When you’re as prolific as Pratchett, you’re bound to have a miss or two, and unfortunately, that was Sourcery. The book isn’t as fleshed out as the others, and not just in terms of the missing call-backs to how Discworld works. I didn’t quite understand why the wizards were all fighting each other, and I’m still not clear on how sorcery becomes such a problem. Or why Coin’s father became so malevolent. Or how the whole thing resolved in the end? The book flowed on quickly, and never seemed to explain itself, and I’m left rather unsatisfied with the plot itself. When I was almost to the end, I was still waiting to see when the book was going to really get started and explain itself.

Which isn’t to say it’s not a fun read. It is Pratchett, after all, who has barbarian maidens who dream of being hairdressers but are constantly compelled by their genetic calling to conduct feats of heroics instead. And the wonderful orangutan librarian, one of the great heroes of the books. The creative descriptions of the Disc and the characters keep the book moving. And Pratchett’s humorous, light writing, and delightful descriptions are always fun. Each paragraph is great to read on its own. They just never seemed to come together to make one story for this one.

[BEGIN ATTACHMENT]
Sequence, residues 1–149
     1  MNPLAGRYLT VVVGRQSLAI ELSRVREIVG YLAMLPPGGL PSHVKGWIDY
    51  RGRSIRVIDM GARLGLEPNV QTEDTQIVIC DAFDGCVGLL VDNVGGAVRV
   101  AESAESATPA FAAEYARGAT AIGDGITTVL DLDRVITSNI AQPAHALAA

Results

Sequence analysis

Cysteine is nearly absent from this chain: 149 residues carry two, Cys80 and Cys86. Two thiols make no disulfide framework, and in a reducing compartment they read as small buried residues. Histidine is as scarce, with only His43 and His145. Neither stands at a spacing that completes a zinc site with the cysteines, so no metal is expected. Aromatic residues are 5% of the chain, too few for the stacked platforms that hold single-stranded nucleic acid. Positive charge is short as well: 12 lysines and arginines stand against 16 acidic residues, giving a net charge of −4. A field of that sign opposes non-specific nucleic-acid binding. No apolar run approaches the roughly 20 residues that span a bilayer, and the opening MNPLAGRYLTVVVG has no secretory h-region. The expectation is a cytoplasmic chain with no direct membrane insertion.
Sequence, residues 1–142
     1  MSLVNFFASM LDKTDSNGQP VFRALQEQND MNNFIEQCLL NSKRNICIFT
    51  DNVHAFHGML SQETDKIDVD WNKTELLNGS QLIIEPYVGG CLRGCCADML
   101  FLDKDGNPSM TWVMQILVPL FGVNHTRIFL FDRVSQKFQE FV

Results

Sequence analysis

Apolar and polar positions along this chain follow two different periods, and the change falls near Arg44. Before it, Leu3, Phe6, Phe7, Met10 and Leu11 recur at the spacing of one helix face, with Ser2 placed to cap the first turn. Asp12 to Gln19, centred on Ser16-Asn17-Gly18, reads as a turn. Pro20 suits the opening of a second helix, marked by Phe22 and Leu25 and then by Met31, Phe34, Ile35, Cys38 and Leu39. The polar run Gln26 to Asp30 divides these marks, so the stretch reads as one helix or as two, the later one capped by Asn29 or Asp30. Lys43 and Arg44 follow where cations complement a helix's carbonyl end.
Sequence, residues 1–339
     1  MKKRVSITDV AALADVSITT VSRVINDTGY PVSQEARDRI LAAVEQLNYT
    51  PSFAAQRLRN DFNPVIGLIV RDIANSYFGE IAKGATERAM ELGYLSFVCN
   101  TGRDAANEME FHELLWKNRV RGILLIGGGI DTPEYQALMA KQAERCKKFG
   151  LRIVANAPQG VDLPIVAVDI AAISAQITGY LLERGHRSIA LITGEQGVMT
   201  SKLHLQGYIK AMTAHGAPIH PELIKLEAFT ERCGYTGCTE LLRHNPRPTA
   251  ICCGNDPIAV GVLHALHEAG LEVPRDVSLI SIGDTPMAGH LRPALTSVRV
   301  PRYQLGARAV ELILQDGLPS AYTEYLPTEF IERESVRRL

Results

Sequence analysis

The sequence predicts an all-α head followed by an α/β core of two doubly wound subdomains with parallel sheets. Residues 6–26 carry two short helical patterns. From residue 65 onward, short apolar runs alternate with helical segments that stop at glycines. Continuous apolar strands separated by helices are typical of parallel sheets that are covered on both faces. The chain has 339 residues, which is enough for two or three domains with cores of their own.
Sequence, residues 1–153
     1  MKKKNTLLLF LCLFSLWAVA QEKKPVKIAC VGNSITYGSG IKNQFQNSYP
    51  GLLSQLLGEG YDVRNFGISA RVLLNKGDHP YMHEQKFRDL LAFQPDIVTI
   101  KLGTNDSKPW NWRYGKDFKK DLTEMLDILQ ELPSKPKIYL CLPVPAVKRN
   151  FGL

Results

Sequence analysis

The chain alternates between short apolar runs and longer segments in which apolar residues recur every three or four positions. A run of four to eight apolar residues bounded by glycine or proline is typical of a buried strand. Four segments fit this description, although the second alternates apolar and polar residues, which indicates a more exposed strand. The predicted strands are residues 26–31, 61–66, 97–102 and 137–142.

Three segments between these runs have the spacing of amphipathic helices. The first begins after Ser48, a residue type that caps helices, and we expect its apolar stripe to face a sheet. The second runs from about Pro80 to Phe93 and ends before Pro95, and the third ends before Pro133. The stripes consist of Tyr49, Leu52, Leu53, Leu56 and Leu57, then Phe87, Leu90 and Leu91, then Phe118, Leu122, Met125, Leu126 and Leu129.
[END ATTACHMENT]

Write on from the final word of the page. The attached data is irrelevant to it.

The Big Over-Easy

the+big+over+easyThe Big Over Easy, Jasper Fforde

Humpty Dumpty was pushed.

Or maybe not. But the mystery of how, exactly, Humpty Dumpty came to be splattered on the bottom of that wall, and who, if anyone is responsible, is at the heart of this whodunnit from Jasper Fforde.

The Big Over Easy takes place in the same universe as the Thursday Next books, a connection which becomes clear in The Well of Lost Plots, but rather than involving tales of classic literature, this case, in the Nursery Crimes division, takes place in the world of public domain poems. Jack Spratt—whose first wife died of health complications after only eating fat—is called in to investigate the Humpty Dumpty case, with his new assistant, Mary Mary. William Winkie, whose usually up at night, is the main witness. And Humpty Dumpty lives in a crowded boarding house run by Mrs. Hubbard.